My preferred operation system is a Mac. However in the radio world it seems that Mac doesn’t cover my requirements. Yes I could run a virtual windows inside my Mac, however somethings don’t work as they need direct access to USB interfaces etc. I also don’t want to carry a super expensive laptop while working outside.
I was looking around Amazon for a low cost laptop, I was bugeting for around £150 and came across an HP Stream 11. It has 4Gb RAM and 64GB storage.
It came with Windows 10 s edition installed. So the first thing was to change that to a full windows version, this was very simple and just required logging into Microsoft store and selecting the upgrade (It’s free).
I would now go ahead and install all my radio applications, Chirp, Logger32, Anytone CPS, WSJX, etc, etc.
126.96.36.199. Dual Booting¶
I would also like a linux on it as well. I was going to install Ubuntu, however in this case I chose Kali linux as it has lots of the utilities that I want to use for pen testing.
64Gb Isn’t really big enough to split and dual boot. I could always use a USB stick and boot from that. However the HP Stream as a Micro SD slot, so I thought it would be much better to install linux on that. So I installed a 128Gb micro SD card.
By default the laptop is set to only boot from the internal disk and via UEFI.
While in windows I modified the drive partition table to split the windows partition, this new partition is just big enough to store the linux kernel and vmimage. 1Gb is plenty of space.
188.8.131.52.1. Setting the BIOS¶
We need to change the BIOS configuration to allow booting from a USB stick so I can install the linux. Power on the laptop and keep pressing “ESC” until the boot menu appears. From here you can select BIOS configuration.
Under the System Configuration options, select “Boot Options”. You need to enable “Legacy Support”. Save changes, and reboot. On reboot you’ll get a screen asking you to confirm legacy boot support by entering a 3 digit code. Once this is complete you should be able to boot from the USB stick with your required OS.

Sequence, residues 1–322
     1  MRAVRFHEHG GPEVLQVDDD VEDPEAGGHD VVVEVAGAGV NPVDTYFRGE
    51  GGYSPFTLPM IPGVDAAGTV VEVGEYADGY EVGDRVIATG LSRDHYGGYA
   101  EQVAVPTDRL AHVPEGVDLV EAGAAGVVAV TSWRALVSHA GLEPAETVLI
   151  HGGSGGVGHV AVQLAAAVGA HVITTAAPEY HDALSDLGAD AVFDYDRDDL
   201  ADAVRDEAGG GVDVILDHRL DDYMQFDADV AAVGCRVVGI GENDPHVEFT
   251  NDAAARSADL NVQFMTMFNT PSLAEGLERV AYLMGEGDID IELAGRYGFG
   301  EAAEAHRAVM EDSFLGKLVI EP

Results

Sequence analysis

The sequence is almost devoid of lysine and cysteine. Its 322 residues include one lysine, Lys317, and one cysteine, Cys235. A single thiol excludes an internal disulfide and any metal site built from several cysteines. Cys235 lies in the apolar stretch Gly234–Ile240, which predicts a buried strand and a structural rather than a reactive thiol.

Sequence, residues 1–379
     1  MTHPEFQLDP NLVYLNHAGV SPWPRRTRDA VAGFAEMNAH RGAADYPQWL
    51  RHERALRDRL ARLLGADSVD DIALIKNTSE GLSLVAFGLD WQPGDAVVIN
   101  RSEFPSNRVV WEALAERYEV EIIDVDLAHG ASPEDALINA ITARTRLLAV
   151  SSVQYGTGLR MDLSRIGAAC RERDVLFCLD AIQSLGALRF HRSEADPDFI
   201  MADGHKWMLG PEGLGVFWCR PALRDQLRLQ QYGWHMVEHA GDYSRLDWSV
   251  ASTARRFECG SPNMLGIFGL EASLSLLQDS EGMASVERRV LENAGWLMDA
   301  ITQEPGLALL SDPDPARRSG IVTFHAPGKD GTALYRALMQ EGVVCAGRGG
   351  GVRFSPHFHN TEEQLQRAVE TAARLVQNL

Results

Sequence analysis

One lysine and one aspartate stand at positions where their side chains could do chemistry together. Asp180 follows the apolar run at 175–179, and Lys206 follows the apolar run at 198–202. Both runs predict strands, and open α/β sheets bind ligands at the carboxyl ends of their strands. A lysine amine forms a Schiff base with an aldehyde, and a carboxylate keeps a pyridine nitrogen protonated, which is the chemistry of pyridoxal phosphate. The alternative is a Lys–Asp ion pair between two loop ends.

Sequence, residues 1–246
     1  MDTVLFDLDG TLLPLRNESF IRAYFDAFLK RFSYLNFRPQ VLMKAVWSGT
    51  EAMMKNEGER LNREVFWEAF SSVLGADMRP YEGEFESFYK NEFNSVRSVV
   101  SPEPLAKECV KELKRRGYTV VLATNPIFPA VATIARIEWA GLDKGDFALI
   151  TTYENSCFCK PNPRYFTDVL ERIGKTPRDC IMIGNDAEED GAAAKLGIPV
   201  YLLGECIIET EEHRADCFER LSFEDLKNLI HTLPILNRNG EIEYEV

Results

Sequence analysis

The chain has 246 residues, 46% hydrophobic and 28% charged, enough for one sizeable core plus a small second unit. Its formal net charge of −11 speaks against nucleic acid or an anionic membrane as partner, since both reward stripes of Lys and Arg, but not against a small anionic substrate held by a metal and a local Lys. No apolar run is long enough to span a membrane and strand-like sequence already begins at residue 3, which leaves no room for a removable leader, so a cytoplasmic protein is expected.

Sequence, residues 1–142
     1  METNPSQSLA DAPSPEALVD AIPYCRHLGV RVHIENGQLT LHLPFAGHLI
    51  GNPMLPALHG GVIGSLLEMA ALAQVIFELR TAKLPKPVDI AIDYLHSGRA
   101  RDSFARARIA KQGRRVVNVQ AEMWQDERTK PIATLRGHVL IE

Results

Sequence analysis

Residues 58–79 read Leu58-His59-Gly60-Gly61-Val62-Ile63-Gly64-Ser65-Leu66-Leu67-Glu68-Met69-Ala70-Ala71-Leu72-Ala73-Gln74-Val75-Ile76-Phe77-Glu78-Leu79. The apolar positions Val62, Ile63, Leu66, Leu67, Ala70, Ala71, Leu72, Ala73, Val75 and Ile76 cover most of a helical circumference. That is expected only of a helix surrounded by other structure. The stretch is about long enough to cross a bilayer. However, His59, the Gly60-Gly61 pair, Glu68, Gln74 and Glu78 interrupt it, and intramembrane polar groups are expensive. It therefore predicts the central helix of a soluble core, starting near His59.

With the USB stick installed, Pressing “ESC” again during next boot you can select the boot menu and then select a boot device.
During the Linux install, when it gets to the disk layout, select manual layout. I created a single partition on the 128Gb micro SD card. Once the install is complete, boot again into the USB stick, and select recovery mode.
We need to start a shell on the micro SD (Rather than in the installer). Format and mount the partition on the internal storage, using gparted.
gparted /dev/mmcblk0p5 mount /dev/mmcblk0p5 /mnt # Copy the contents of /boot to /mnt cp -r /boot/ /mnt
We can now add these two entires to the /etc/fstab file
# /etc/fstab: static file system information. # # Use 'blkid' to print the universally unique identifier for a # device; this may be used with UUID= as a more robust way to name devices # that works even if disks are added and removed. See fstab(5). # # systemd generates mount units based on this file, see systemd.mount(5). # Please run 'systemctl daemon-reload' after making changes here. # # <file system> <mount point> <type> <options> <dump> <pass> # / was on /dev/sdb1 during installation UUID=05dde5ed-7cab-49cd-8c8f-e7ccfa931de8 / ext4 errors=remount-ro 0 1 UUID=2e015c10-e94b-48f1-9c7a-8a38008e35a1 /boot ext4 errors=remount-ro 0 1 # /boot/efi was on /dev/mmcblk0p1 during installation UUID=C4C3-636C /boot/efi vfat umask=0077 0 1 # swap was on /dev/sdb2 during installation UUID=63313e11-ac6c-422c-90f8-693fe440a983 none swap sw 0 0
finally mount all these partitions to the filesystem, and install grub again. This will update the boot files, and allow the system to dual boot windows and linux.
Once the install is complete, you should be able to remove the USB stick and enter the BIOS again, this time changing the boot order to select the linux as first. The linux boot manager should have already found the windows partition and how offer the choice during boot.